susceptibility determines the group velocity as can be seen from the index of refraction

n≈1+(1/2)Re[χ] and the group velocity Vg=c/(n+ω(∂n(ω)/∂ω)). The magnitude of group

velocity near the resonance can be approximated as Vg ∝ (ΓgeΓgs+Ωc2)/N, where N is the density

of atoms, Γge is the decoherence rate of |g˃ and |e˃, Γgs is the decoherence rate of |g˃ and |s˃,

and Ωc is Rabi frequency of the control field 15. The group velocity of the probe field can

therefore be reduced by lowering the control field intensity or increasing the atom density. Our

three-level system involves 85Rb D2 line |g>≡|52S1/2, F=2>, |s>≡|5 2S1/2, F=3˃, and |e˃≡|52P3/2,

F′=3˃ as shown in Fig. 1. Figure 2 shows a typical EIT spectrum of our experiment. We fit the

spectrum with the transmission T=exp(OD×(Γge/2)×Im[χ]) of the probe field 15 and obtain

OD=36, where OD=NL3λ2/2π is the optical depth of the ensemble, L is the length of the

ensemble, and λ is the wavelength of the probe field. To change the velocity of the center-of-

mass motion of the ensemble, we apply a resonant scattering force by imparting a push field

on the ensemble. The velocity change is then controlled by the power of the push field.

Measurement. Defining the group index of the medium ng≡c/Vg when it is larger than one, the

dragging coefficient can be rewritten as Fd=ng/n-1/n 2. The index of refraction n of a medium

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near the EIT transmission window is approximately unity15, so the phase velocity can now be

further simplified as vp=c+ngv. To detect the light dragging effect, we compare the phase of

the probe field with a local oscillator through the method of heterodyne detection18.

Considering the phase shift of the probe field passing through a medium with a length L as

Φ=kL, where k is the wavevector of the field and propagating along the direction of the moving

medium, we can rewrite the phase with the definition of the magnitude of the phase velocity

vp≡ω/k and obtain

Φ=Lω/vp=Lω/(c(1+v/Vg))≈(Lω/c)(1-v/Vg) (3)

when v

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error. With the measured atomic cloud size 1.4 mm and our largest group delay time t=855 ns,

the dragging coefficient Fd in our experiment has reached 1.83×10 5.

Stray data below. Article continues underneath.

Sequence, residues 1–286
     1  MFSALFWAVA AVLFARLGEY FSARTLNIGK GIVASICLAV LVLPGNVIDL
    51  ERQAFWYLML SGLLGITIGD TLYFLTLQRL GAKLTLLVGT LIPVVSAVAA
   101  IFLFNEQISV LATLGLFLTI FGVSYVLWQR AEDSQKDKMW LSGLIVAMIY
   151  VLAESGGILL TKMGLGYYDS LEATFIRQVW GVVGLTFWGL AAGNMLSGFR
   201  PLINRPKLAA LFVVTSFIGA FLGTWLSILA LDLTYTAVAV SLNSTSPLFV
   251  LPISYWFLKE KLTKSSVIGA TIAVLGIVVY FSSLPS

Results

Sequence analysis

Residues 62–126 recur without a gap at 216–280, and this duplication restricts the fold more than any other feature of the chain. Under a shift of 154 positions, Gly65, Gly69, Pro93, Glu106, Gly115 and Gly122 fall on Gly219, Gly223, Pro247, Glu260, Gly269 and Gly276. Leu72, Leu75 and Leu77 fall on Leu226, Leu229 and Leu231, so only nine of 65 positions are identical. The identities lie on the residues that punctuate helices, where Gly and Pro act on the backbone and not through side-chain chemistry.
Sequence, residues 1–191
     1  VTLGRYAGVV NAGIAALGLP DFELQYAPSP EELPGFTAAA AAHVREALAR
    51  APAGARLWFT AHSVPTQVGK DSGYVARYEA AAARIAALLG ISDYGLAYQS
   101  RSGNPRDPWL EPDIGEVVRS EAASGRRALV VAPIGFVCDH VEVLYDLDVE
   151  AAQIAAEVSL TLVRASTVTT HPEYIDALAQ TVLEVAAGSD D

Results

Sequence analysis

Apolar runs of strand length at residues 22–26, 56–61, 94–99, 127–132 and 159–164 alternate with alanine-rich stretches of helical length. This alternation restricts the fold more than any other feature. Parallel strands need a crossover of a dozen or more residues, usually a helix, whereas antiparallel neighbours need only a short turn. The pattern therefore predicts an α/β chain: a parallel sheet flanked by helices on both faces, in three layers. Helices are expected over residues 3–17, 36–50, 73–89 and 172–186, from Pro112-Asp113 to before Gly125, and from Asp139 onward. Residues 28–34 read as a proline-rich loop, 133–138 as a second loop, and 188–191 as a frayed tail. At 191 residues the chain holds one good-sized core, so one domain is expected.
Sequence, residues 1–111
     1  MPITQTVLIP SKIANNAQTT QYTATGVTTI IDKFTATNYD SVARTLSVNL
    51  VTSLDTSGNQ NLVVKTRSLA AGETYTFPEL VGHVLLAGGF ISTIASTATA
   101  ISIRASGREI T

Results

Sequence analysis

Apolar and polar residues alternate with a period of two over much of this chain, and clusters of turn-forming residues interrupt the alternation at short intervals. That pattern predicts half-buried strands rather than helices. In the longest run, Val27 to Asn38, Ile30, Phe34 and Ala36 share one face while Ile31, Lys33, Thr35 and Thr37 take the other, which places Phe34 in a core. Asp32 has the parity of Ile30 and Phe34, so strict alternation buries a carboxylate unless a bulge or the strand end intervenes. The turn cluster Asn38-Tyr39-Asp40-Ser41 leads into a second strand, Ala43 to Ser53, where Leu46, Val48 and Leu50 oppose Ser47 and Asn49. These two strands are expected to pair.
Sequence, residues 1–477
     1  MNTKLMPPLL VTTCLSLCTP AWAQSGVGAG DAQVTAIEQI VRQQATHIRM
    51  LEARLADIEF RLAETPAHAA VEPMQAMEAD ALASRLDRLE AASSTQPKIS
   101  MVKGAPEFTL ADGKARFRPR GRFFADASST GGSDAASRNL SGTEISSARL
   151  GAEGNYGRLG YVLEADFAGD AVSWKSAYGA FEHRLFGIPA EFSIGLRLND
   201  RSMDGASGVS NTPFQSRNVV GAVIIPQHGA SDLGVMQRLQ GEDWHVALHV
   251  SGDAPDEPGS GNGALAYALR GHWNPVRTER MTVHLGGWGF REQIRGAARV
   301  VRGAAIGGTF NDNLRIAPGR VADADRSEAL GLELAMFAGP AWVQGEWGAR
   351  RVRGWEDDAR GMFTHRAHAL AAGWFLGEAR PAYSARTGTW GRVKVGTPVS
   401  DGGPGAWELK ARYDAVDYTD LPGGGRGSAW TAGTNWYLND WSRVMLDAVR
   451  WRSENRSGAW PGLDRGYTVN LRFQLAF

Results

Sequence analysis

Discussion

Motional sensing using atoms via atomic interference has reached very high precision

and accuracy19,20. However, due to its nature of differential measurement it can only be

sensitive to acceleration. Although two-photon Raman velocimetry can select a group of atoms

with very narrow velocity width in an atomic ensemble determined by the duration of the pulse

length21, it is not adequate to sense the collective motion of an atomic cloud. For the

determination of the center-of-mass velocity of an atomic ensemble, one would be required to

map out all the velocity groups and therefore the sensitivity is restricted to the Doppler

broadening of the ensemble. Even in the high precision photon recoil frequency measurement

using optical Bloch oscillation with 10-9 relative uncertainty22, it can only measures integers of

one photon recoil frequency. For light dragging in an EIT medium, all atoms participate to the

collective motion so that the velocity measurement is less sensitive to the Doppler broadening

of the atomic ensemble. Slow light in a three-level system can also be modeled as a dark state

polariton: ѱ=cosθ(t’)ε(z,t’)-sinθ(t’)N1/2σ(z,t’)exp(ikeffz), where z is the spatial coordinate, t’ is

time coordinate, ε(z,t’) is the electric field amplitude of probe field, N1/2σ(z,t’) is the collective

atomic spin coherence, and the mixing angle θ(t’) is determined by the coupling strength and

control field intensity23,24. When the probe field enters the EIT medium, part of the probe field

is converted into the collective spin coherence. Due to the motion of the atomic ensemble, the

exponent exp(ikeffz) can be extended to exp[ikeff(zo+vt’)], where zo is the initial position of the

ensemble25. After the probe field exits the ensemble, the collective atomic coherence is

converted back to the probe field with an additional phase shift keffvt’, coincides with equation

4 as t is the group delay of the probe field.

7

Our measured phase uncertainty is about 0.01 radians by taking the mean of three cycles

of 70 MHz sinusoidal wave in the probe field envelope and averaging for 20 experimental

cycles. Each experimental cycle takes 2 s and the duration is mainly limited by the time